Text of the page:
What it also meant was that Harrington, who emerged on top of the pile that week, was strategic and straight off the tee. For instance, in his play of the 17th which became the iconic memory, Harrington hit five-wood off the tee and, then, with 249 yards to the flag, hit a five-wood approach to three feet for eagle.
What Harrington did for the most part in 2008 was to keep his tee shots on the short grass. As Miller did in 1976. As Mark O’Meara did in 1998.
I believe that golf was meant to be played links style, that's the way it was designed to be played, that's the way it all started
“The big thing about Birkdale is that it’s surrounded by those dunes and long grass. It’s actually pretty hard to scramble if you hit it wildly, unlike Troon or some of those other courses where you can hit it out in the car park. Birkdale, if you hit it wildly, it’s pretty penal. It doesn’t seem to have the Scottish cachet as much as a St Andrews or a Carnoustie or Muirfield or whatever. But hole-for-hole, it doesn’t have to take a back seat to any of the rotation,” said Miller of the links.
For O’Meara, that British Open win cemented a love affair with links golf.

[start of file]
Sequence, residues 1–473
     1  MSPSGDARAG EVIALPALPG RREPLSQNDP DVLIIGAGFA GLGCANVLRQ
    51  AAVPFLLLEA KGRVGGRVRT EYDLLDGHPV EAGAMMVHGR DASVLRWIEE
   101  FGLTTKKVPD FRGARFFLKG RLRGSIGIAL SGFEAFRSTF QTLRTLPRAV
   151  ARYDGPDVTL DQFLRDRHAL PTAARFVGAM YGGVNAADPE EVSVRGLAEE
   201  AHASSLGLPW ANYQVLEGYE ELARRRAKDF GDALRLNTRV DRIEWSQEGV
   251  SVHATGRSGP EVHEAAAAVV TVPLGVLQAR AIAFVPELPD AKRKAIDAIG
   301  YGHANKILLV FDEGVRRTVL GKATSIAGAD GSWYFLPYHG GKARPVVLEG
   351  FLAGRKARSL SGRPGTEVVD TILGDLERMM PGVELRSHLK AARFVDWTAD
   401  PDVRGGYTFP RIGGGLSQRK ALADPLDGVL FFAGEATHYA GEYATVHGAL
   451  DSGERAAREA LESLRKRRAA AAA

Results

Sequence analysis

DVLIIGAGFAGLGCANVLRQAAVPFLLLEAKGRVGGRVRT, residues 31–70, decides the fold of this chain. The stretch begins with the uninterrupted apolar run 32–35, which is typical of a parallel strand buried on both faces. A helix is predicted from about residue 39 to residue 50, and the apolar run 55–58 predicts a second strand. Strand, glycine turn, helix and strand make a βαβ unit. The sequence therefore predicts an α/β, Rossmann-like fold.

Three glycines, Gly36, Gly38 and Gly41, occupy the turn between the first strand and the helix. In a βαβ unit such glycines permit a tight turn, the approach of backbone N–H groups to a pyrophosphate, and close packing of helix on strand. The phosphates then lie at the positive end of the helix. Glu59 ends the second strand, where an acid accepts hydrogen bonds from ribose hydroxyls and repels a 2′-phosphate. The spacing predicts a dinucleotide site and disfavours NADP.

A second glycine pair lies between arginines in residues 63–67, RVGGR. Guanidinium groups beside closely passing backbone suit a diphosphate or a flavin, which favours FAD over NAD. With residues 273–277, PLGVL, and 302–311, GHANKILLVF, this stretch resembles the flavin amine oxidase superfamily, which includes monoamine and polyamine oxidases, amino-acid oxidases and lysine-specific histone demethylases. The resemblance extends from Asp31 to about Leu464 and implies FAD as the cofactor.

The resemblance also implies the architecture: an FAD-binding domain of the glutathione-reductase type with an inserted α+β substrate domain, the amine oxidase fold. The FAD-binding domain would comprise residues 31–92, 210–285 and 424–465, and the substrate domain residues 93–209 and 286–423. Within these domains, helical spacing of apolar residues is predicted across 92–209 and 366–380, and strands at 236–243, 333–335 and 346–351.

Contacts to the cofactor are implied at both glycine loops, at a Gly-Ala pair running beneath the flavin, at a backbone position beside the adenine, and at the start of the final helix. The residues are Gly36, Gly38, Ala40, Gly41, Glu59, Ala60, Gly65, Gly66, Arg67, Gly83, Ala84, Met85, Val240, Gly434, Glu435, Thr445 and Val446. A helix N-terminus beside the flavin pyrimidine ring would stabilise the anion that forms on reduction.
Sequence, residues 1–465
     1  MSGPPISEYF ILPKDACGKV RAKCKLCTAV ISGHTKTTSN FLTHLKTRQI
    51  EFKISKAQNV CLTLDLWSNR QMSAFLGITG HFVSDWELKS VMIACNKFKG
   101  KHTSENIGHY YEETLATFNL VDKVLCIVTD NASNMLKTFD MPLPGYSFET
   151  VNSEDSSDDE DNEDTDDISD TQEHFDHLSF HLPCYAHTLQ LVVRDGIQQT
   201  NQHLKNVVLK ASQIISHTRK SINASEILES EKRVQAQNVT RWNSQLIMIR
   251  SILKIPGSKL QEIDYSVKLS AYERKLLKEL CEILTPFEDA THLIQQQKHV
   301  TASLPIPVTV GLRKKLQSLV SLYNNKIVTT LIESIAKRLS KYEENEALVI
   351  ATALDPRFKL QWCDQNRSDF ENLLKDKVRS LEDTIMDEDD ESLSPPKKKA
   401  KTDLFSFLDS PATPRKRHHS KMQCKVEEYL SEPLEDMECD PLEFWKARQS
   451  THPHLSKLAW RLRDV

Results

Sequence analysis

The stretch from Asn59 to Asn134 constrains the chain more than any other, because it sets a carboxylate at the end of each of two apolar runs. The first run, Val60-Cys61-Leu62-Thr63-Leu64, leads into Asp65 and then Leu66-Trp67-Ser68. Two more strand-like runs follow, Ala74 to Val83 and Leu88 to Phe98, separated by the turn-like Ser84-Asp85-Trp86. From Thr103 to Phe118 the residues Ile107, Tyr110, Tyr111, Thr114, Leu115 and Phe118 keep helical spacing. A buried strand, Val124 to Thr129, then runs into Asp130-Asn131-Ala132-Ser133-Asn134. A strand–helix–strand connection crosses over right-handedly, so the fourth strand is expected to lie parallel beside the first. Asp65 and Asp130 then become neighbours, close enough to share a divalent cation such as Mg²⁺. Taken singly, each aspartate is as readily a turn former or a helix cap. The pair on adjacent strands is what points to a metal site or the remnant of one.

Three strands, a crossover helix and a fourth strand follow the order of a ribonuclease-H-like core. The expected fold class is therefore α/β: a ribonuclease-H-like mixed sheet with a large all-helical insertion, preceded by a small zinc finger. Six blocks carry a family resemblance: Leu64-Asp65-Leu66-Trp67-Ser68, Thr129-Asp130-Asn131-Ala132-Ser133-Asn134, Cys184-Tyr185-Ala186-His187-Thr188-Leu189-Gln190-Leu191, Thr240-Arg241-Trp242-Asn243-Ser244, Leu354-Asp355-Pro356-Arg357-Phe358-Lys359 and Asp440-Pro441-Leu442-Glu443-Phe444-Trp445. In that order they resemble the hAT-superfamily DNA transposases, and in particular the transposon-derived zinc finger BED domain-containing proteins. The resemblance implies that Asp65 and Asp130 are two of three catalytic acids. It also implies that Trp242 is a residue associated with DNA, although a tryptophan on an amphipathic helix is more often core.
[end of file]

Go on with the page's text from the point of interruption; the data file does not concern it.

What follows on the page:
“I believe that golf was meant to be played links style, that’s the way it was designed to be played, that’s the way it all started. The creativity factor and the elements, those are all things that make it even more special. One minute you can be playing in benign conditions and the next very difficult conditions.
“But I always liked the creativity part of it, where you had to create shots. You might hit a six iron 92 yards one hole and then next you’re hitting an eight iron 210 yards. There’s really nowhere else in the world you can do that.”
Tough, but fair. That’s Royal Birkdale.
Past Champions at Royal Birkdale
1954: Peter Thomson (Australia) 283 (-9)
1961: Arnold Palmer (USA) 284 (-4)
1965: Thomson 285 (-7)
1971: Lee Trevino (USA) 278 (-4)
1976: Johnny Miller (USA) 279 (-9)
1983: Tom Watson (USA) 275 (-9)
1991: Ian Baker Finch (Australia) 272 (-8)
1998: Mark O'Meara (USA) 280 (E)
2008: Pádraig Harrington (Ireland) 283 (+3)
*Par 73 (1954, 1965, 1971)
**Par 72 (1961,1976)
***Par 71 (1983)
****Par 70 (1991, 1998, 2008)
The winner of the Open receives:
The Golf Champion Trophy, now commonly referred to as the Claret Jug, was made by Mackay Cunningham & Company of Edinburgh and was hallmarked 1873. The first Open Champion to receive the new trophy was the 1873 winner, Tom Kidd, but Tom Morris Junior's name was the first to be engraved on it as the 1872 winner.
The first time a medal was given to the winner was in 1872, when no trophy was available. Unlike the Claret Jug, which must be returned in time for the next Championship, the Gold Medal is kept by the winner. The early Gold Medals, which in fact were silver gilt, were large ovals with a central design of a shield and crossed clubs. Around the edge was the inscription ‘Golf Champion Trophy’. During the late 1880s and early 1890s, the design of the medal underwent several changes. The circular medal was first introduced in 1893 and the basic size and shape has not changed since then.